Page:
Monday, June 10, 2013

Day 4- Rainy Day

Day 4: Rainy Day Lecture

Due to Tropical storm Andrea, our field school was moved indoors (no site digging) for both Thursday and Friday class, so I am trying to play catch up. I apologize for the delay in my daily activity update, but I promise to be updated by the middle of this week, so you can stay tuned for more fun adventure updates to come!

Thursday morning began with glass identification and characterization, which outlined the different types of glass we might be finding on our Monticello digs, such as the Dark Green Bottle Glass (DGBG) which I have mentioned before. Aside from the simpler side of glass identification, we learned about the seals which would have been a hung piece of decorated glass (separate from the bottle glass) with the owner’s seal impressed on it. This was meant to prevent any theft of the owner’s stored foods and spirits, and is now a key find which can help to not only date, but also possibly identify the person to whom they once belonged. Within the category of glass we discussed the traditional pharmaceutical bottles, made of non-leaded glass to make various dark colors, and lead glass to make the bottle clear. These pharmaceutical bottles were often hand-blown with molded design or branding for the specific product it held. This lecture surrounded Ivor Noël Hume’s “Bottles, Glass Liquor; Bottles, Glass Pharmaceutical, Drinking Glasses and Decanters, and Tobacco Pipes and Smoking Equipment,” in A Guide to Artifacts of Colonial American (University of Pennsylvania Press, Philadelphia), which also broke down the size and shape alterations of wine bottles throughout the decades of the colonial period, which has been a terrific reference resource for me as a field school student trying my hand at historical archaeology for the first time.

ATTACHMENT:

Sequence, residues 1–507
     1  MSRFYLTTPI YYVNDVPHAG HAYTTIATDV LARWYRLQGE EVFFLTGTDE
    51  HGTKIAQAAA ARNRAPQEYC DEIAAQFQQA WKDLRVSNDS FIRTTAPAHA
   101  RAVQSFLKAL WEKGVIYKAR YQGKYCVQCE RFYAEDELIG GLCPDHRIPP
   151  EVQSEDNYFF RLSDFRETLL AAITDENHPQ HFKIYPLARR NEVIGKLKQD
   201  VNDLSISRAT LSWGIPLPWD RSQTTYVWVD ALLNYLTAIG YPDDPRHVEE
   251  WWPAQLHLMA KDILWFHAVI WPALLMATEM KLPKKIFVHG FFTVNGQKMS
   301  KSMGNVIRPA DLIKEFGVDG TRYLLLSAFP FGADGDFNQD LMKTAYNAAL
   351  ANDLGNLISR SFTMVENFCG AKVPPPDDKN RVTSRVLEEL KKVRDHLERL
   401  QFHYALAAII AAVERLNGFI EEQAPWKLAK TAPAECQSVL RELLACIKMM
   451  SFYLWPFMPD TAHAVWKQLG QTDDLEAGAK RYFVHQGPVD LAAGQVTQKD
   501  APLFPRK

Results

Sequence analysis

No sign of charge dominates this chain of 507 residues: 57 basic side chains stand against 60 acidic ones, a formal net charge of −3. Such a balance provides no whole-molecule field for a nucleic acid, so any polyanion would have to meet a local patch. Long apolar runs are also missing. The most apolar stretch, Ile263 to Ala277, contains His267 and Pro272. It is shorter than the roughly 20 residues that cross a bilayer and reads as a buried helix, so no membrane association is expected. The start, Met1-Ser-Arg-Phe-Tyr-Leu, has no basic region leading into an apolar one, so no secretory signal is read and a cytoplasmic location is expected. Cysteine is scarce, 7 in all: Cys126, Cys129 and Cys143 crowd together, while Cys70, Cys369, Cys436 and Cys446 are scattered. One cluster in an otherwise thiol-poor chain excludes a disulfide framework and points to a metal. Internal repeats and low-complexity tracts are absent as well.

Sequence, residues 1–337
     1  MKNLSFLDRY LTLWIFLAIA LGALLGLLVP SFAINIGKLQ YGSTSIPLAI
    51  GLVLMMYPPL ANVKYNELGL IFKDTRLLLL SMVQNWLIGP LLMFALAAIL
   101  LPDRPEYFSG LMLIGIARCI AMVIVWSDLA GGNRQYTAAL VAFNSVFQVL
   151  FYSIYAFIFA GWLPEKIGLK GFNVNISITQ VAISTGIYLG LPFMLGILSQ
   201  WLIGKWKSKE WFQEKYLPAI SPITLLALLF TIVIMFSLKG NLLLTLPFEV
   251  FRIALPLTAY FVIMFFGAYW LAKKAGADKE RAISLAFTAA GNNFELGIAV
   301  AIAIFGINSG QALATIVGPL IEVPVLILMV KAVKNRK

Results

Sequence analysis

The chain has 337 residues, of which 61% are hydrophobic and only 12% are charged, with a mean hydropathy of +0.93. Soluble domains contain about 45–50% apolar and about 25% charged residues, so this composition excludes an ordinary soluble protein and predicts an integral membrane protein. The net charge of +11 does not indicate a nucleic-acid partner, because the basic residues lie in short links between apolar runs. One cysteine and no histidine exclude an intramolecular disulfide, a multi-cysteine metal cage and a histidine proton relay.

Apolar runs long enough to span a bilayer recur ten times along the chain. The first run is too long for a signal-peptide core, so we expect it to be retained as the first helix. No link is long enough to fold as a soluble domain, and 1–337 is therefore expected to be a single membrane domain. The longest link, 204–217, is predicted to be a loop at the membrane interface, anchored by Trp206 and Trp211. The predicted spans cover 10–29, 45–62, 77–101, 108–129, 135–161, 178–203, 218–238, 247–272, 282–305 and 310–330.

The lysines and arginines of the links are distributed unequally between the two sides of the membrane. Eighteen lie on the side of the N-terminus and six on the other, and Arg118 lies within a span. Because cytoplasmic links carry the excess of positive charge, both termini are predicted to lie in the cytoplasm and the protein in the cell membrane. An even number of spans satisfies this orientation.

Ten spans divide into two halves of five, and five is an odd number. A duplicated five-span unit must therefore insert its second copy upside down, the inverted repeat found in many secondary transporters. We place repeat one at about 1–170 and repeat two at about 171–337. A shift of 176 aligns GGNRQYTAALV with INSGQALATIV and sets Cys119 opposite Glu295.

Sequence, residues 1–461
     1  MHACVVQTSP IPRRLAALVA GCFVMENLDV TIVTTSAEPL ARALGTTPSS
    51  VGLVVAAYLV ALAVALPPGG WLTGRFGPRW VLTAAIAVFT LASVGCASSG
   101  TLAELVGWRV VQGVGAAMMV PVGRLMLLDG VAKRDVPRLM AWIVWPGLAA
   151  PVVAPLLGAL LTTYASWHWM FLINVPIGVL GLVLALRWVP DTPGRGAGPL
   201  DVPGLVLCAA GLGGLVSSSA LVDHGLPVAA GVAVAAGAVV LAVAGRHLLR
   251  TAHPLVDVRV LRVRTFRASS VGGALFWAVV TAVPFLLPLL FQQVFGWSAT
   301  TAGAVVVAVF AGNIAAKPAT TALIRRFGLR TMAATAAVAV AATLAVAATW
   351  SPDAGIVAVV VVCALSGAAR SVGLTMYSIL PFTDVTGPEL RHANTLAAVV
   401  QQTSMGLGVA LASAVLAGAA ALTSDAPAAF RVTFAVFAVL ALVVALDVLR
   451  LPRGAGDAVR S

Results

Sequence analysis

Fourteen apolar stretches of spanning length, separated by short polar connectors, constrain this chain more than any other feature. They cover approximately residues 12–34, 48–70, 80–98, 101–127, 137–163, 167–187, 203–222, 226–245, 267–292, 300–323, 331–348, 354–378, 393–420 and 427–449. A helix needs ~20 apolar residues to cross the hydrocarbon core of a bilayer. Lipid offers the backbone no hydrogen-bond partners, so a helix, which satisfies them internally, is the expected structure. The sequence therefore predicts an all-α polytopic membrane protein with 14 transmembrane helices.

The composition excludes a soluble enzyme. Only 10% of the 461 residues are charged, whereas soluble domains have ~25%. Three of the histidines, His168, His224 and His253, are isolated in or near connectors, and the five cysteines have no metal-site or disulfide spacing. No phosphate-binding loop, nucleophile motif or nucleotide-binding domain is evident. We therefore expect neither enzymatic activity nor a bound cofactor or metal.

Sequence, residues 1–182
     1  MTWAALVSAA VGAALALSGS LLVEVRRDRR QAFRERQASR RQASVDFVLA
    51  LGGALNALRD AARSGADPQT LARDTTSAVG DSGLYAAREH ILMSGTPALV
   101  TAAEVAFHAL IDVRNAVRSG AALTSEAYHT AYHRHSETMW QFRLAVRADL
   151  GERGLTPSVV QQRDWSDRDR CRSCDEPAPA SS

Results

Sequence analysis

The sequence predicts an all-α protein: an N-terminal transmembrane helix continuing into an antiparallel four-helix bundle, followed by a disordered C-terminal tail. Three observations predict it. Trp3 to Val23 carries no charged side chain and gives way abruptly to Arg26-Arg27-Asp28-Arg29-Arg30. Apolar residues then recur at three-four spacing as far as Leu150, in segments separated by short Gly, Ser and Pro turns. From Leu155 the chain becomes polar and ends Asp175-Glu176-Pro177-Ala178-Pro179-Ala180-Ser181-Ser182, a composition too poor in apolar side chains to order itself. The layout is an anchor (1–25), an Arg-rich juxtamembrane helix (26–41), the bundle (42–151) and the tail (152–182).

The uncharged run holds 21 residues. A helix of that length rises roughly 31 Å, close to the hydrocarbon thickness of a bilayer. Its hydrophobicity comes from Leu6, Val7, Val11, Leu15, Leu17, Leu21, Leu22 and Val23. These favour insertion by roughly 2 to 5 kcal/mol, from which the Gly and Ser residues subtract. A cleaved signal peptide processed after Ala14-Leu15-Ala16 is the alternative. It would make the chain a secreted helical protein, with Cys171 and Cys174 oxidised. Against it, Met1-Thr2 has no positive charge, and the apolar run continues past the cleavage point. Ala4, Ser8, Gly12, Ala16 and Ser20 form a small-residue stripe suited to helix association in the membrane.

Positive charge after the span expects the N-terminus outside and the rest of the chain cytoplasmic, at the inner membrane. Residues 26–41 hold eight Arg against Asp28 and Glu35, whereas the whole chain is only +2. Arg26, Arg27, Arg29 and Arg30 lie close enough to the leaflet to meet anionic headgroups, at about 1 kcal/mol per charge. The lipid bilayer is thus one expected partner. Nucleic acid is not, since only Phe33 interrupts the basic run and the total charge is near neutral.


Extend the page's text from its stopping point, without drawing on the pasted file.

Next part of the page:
Image #1 (18th century, lead-glass decanter shapes and various designs, Noël Hume, 197.)

Moving from the wine bottles and pharmaceuticals, we began what I found to be a brilliant lecture on using the various popular styles of stemware on wine glasses from the early Colonial period. Leaded glass, which causes its clear appearance, was used to make the stemware of the early American colonies (England and Europe, as well). The drinking glass stems from across the decades of colonial sites are another tool archaeologists can turn to and examine the designs to accurately pinpoint a site’s occupation timeline by a certain group of people. The balusters on drinking glasses, which is the entire section of the “stem” of the glass, were decorated with various designs and bubbles (air twist & enamel twist, out of fashion by 1775) in order to determine the most-likely date range of site occupation on multiple levels, be that either with ceramics, tableware, or glassware.
Image #2 (Various drinking glass stems, or “blausters,” and the designs of different decades, Noël Hume, 191.)